Surgeons challenge ‘Brazilian butt lift’ restrictions

Buttocks before and after plastic surgery. [Image supplied]

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Posted June 22, 2022 | By Jim Saunders
Florida News Service

Seven plastic surgeons are asking an appeals court to block a new state emergency rule that placed additional restrictions on procedures known as “Brazilian butt lifts.”

The surgeons, who practice in Miami-Dade County, and the group Surgeons for Safety, Inc., filed the challenge Monday in the 3rd District Court of Appeal after the Florida Board of Medicine approved the emergency rule June 3.

The rule limits surgeons to performing three of the procedures a day and requires that they use ultrasound. The procedures, more technically called gluteal fat grafting, involve injecting fat to enlarge or reshape patients’ buttocks.

Attorneys for the surgeons disputed that an emergency rule was justified or fair.

“Gluteal fat transfers are not per se dangerous,” attorneys Bruce Rogow and Tara Campion wrote in a petition filed at the South Florida appeals court. “If improvements in carrying out the procedures were to be considered, there was no justification for doing so by emergency rule.”

But the rule pointed to 10 verified deaths during the past three years of patients who underwent Brazilian butt lifts. It also cited an emergency rule passed by the Board of Medicine in June 2019 to try to bolster safety of the procedures.

“The board continues to believe that an outright ban on gluteal fat grafting procedures is not necessary, but the fact that there has been at best a de minimis reduction in the number of deaths related to gluteal fat grafting during the 36 months following the board’s June 17, 2019, emergency rule, leads the Board of Medicine to conclude that the status quo is unacceptable and that it continues to present an immediate danger to the health, safety and welfare of Florida’s patients,” the new emergency rule said.

Brazilian butt lifts have drawn widespread attention in recent years, with Board of Medicine member Kevin Cairns saying during the June 3 meeting that Florida has become “ground zero” for the procedure.

“And what … we see is, patients from all over the country are flying to, often, South Florida,” Cairns said, according to a transcript of the Board of Medicine meeting filed with the legal challenge. “They’re bringing a suitcase, and the first time they’re meeting their surgeon is when they … appear at office surgery.”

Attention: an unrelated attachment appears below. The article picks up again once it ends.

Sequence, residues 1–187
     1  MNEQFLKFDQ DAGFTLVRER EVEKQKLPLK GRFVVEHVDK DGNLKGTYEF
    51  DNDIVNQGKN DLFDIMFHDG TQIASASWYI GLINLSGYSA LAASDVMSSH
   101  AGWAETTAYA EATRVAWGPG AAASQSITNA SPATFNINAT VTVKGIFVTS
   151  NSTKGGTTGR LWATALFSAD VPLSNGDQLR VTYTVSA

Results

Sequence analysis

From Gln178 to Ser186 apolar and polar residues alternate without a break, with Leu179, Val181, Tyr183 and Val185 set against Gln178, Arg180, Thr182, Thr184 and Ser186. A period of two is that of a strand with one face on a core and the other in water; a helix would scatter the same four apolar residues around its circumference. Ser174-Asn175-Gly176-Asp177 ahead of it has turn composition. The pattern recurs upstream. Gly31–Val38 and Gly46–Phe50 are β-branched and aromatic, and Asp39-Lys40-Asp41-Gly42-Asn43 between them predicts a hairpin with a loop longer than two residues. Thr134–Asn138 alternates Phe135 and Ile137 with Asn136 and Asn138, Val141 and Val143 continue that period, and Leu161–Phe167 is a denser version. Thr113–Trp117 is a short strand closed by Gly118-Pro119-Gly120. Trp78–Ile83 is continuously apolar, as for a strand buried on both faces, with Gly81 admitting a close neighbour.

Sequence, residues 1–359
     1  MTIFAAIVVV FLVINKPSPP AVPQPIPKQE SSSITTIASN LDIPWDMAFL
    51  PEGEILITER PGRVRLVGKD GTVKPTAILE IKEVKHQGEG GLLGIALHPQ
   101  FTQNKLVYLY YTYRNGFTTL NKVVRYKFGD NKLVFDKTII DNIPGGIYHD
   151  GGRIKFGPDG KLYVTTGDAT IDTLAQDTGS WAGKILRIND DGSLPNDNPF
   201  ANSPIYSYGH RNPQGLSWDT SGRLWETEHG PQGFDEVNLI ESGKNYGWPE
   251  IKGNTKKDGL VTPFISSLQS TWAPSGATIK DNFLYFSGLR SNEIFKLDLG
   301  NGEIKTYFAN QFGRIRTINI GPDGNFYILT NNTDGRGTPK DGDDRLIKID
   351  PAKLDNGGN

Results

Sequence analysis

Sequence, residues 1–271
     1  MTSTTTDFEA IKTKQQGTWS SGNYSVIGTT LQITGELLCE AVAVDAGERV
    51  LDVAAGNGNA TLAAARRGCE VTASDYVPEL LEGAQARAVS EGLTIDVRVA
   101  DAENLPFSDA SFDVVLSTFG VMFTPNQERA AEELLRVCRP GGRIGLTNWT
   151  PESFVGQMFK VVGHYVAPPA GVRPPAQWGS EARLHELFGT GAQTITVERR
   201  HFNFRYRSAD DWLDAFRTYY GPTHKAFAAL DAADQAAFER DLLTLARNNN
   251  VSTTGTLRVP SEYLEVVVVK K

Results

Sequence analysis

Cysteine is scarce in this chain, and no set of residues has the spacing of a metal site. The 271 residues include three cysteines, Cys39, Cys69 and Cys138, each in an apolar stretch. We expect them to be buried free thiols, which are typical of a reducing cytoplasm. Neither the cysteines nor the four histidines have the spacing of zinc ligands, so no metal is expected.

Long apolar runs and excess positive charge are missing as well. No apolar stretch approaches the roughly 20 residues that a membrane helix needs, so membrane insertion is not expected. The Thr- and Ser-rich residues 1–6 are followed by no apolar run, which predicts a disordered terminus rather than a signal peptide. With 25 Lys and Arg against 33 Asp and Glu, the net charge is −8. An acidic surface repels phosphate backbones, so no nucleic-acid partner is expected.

In the procedure, surgeons remove fat from areas of patients’ bodies such as abdomens or thighs and inject it into the buttocks, according to an explanation that is part of the emergency rule. Deaths have occurred because of pulmonary fat embolisms, which involve fat getting into the patients’ bloodstreams.

In limiting surgeons to performing three Brazilian butt lifts a day, the emergency rule cited decreasing surgeon fatigue and distractions to minimize errors. But the legal challenge described the limit as arbitrary, as surgeons could perform other procedures on the days they do Brazilian butt lifts.

“If ‘fatigue’ was the theoretical basis for the ‘emergency’ limitation, the limitation is neither rational nor fair,” the challenge said. “Especially where there has not been a proper, full opportunity to be heard with relation to the consequences — practical, economic, safety and patient welfare-wise.”

The emergency rule would require the use of ultrasound to help guide cannulas, which are instruments used in injecting fat. But the challenge said using ultrasound, in part, would require adding equipment and training.

“The ultrasound rule is demanding that the procedures be done in a way that surgeons have not been trained to do,” the surgeons’ attorneys wrote. “In order to incorporate ultrasound use into gluteal fat transfer procedures surgeons would need additional training because ultrasound is not a technology used in plastic surgery. Nor is ultrasound taught as a technique to be used.”

In a prepared statement Tuesday, Rogow said emergency rules “should not be used in this manner or enacted with broad sweeping changes and little evaluation or consideration of the impacts.”

“The emergency rule does not promote safety; it actually threatens patient safety by imposing an unproven, radical departure from accepted techniques for performing gluteal fat transfers,” Rogow said. “The Board of Medicine has created an environment that is contrary to all that has been taught over the past 10 to 15 years. No evidence or medical data supports the promulgation of this emergency rule.”

But the rule said the Board of Medicine is “of the opinion that its actions are a measured regulatory approach that protects Florida’s patients while maintaining the availability of this popular aesthetic surgical procedure.”

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